Piloted by our National Summit Series, The Accidental Drug Poisoning Crisis – Community of Practice is an expansion of the Summit series and a national initiative that aims to connect people with lived and living experience, frontline workers, and anyone impacted by the opioid crisis to discuss ideas, challenges, and knowledge of current trends and practices in a safe space. Events will take place online once a month, providing an accessible space to share resources and create community-based solutions.
ADPC-CoP events geared towards specific communities or issues that will accommodate up to 100 participants will take place monthly over zoom with larger scale events taking place trimonthly starting July 27th. The larger events will accommodate up to 500 participants and offer opportunities to hear from keynote speakers, participate in workshops, and engage in personal development.
The ADPC-CoP program is overseen by an advisory committee comprised of subject matter experts including people with lived and living experience, and frontline workers to ensure the content being delivered is both relevant and accurate. With representatives from each corner of Canada, the ADPC-CoP aims to combat the insulation of information throughout the country and create a ‘connective tissue’ to bring people together.
For four decades RainCity Housing has put government funds and generous donor dollars to good use to create, implement, and manage housing and support programs that sustain relationships, strengthen communities and make change for people experiencing homelessness and mental health, trauma and substance use issues, throughout BC’s lower mainland.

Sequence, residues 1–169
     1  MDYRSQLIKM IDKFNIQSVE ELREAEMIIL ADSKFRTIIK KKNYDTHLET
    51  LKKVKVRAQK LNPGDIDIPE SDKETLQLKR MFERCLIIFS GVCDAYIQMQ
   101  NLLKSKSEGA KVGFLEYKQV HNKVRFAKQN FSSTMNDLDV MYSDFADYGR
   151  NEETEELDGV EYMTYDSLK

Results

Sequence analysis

Rachel Plamondon-Assu and Iesha Henderson have been blazing the trail of peer and harm reduction work all throughout the lower mainland in British Columbia. Creating safe inclusive space for PWLE to work and be in community is something that both Rachel and Iesha are super passionate about.
Harm reduction really equals “meeting folks where they are truly at” and guiding the organization and teams they work with around best practices and policies is a priority for them both.
Kurt Lock is an operations coordinator and stakeholder engagement lead for the harm reduction program at the BCCDC. Kurt has a long history of working closely and collectively with PWUD in British Columbia to advance the accessibility of harm reduction.
Charlene Burmeister is the acting PWLLE stakeholder engagement lead for the BCCDC, the lead of the PEEP Advisory Committee, Executive Director of the Coalition of Substance Users of the North, and a board member of the Canadian Association of People who Use Drugs. Charlene has years of experience in representing the interests of PWLLE in the policy making arena, bringing an understanding of how systems affecting the lives of PWLLE work and how to engage with those systems to achieve effective change for PWUDs.
Tracy Scott is a Peer Advisor with the Peer2Peer project and a first responding street outreach worker with Rain City Housing. Tracy is also the co-chair of the Ridge Meadows Overdose Community Action Team, a member of the Community Action Initiatives Overdose Prevention and Education Network (OPEN), the co-founding President and Director of the Maple Ridge Street Outreach Society (MRSOS) as well as a member of Moms Stop the Harm (MSTH).